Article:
Yesterday was another fun day during which I could put into practice many of my favorite ideas.
I had my kids. I have them every other week end: four boys, 14, 12 and twice 8. But only the twins were available to come with me, the other two had various parties to attend. So I thought: oh well the yin yang principle says: In every idea, concept, representation, situation, or fact, there lurks its contrary somewhere, more or less hidden, and this contrary reinforces the first part. A young French judo champion, with a beautiful name, Gabrielle Deflorenne, met on the TGV last May reminded me that. She told me that she once in a while would fight with David Douillet. I said : "But come on, how you can fight with David Douillet?", and she answered: "N'oubliez pas que le judo consiste à utiliser la force de son adversaire..." (Don't forget in judo you use your opponent's strength...) Well so I thought OK I'll take advantage of this and give all my attention to the twins. They often don't get first attention because of the two brothers before them.
Secondly, I've this principle of every day doing one new thing selected more or less at random. So I decided to take them to visit the château of Blois, about 150 miles from where they live as well as from where I live. We arrived in Blois around 2 o'clock in the afternoon (the noon meal was just chocolate bars purchased in a grocery store on the way - but please don't tell their mother).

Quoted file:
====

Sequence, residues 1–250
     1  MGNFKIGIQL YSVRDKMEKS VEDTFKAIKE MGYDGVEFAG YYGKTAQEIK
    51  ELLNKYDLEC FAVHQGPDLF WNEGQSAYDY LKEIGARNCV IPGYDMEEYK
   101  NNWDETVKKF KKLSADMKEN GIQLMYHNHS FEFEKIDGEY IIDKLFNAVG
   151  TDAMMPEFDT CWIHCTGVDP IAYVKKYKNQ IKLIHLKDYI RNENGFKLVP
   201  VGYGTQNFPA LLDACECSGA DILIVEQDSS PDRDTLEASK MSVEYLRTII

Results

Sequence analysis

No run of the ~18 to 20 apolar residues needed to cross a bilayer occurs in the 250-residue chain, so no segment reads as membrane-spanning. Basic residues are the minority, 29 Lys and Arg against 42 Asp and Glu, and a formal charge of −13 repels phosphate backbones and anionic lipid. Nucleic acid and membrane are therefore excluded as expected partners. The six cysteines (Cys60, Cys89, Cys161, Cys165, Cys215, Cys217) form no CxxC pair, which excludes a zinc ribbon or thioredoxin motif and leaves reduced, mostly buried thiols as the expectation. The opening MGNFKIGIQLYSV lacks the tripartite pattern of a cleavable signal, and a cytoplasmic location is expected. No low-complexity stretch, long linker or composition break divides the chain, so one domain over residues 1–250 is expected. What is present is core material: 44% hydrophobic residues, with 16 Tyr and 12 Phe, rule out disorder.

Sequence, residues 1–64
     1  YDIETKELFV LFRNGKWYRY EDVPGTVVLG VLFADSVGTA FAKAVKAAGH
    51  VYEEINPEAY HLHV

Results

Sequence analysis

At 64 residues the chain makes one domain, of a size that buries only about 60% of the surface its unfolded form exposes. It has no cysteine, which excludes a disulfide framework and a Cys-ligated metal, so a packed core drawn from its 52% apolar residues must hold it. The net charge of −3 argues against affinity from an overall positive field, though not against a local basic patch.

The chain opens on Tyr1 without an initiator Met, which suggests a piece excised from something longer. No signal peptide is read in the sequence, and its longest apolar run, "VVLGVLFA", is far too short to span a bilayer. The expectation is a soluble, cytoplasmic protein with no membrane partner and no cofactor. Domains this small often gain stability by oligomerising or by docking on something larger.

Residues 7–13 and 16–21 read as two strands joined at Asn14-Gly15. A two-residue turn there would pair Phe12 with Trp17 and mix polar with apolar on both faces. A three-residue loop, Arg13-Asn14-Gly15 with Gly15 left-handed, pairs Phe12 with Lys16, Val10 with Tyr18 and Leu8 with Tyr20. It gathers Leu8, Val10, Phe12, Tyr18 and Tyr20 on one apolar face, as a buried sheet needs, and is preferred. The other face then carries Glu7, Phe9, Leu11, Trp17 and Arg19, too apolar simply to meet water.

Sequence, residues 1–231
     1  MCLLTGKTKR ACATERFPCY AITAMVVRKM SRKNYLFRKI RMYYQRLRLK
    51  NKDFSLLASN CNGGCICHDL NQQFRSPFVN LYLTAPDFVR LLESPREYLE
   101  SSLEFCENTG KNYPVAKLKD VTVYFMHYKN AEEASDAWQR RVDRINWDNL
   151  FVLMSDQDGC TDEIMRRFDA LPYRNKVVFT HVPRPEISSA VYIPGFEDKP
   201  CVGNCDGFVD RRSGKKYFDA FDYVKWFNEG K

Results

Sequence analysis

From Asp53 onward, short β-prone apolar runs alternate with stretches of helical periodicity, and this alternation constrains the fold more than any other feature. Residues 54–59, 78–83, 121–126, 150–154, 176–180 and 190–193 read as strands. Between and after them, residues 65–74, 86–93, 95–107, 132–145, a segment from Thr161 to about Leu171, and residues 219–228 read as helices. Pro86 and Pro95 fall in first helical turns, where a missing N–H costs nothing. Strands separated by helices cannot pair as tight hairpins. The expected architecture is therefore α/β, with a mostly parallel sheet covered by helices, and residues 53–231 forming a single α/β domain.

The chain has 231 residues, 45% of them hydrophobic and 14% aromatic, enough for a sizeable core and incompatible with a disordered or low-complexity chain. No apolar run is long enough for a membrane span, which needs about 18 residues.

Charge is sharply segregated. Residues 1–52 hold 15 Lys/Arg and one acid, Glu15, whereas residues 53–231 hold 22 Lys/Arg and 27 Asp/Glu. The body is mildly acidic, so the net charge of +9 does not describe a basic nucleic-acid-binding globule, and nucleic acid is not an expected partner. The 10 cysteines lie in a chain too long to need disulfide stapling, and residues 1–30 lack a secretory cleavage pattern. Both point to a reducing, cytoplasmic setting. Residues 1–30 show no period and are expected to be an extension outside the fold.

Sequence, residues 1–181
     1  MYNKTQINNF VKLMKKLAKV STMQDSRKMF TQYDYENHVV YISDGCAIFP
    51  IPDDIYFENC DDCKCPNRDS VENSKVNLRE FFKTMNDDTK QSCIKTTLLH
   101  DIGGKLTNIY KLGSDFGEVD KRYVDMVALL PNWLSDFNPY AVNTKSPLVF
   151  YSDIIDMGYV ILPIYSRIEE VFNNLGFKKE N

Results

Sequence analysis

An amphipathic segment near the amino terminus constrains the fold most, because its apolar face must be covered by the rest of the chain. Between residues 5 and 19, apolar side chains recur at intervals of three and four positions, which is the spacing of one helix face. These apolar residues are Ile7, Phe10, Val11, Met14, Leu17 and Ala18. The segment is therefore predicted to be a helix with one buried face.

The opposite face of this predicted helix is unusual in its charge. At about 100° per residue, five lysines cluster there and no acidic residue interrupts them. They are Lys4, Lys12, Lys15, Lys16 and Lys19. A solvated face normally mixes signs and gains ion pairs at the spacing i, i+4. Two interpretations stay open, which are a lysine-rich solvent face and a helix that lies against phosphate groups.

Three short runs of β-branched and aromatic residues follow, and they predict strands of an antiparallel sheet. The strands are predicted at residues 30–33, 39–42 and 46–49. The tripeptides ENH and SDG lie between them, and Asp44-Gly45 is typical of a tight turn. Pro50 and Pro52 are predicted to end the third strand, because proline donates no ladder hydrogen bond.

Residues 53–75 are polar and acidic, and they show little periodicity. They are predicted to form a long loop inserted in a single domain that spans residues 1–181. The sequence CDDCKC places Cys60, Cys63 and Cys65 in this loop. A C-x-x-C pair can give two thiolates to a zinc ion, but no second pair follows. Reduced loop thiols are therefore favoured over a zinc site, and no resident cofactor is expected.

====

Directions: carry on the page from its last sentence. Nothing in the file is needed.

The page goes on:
The château of Blois is marvellous, located on a hill slope above the old medieval city, overlooking the river, at the beginning of the Val de Loire. It was started by Louis XII, the second husband of Anne de Bretagne after Charles VIII to make sure Brittany would remain solidly tied to the kingdom of France, and this time Anne not be tempted by the Habsburgs like Alienor had been by the Plantagenêts. We are then at the end of the XVth century, which began with Johann of Arc, that helped end the Guerre de Cent Ans. That war started because the sons of Philippe Le Bel had no male descent (or so we were told at school when I was a pupil) and the king of England, who had married Philippe's daughter Isabelle, not satisfied to have had, almost two hundred years before, our queen, claimed our kingdom as well. This château is full of history. I can't but always picture for instance the plump Marie de Médicis, scared, sliding down a scale to escape the mild prison where her son had put her.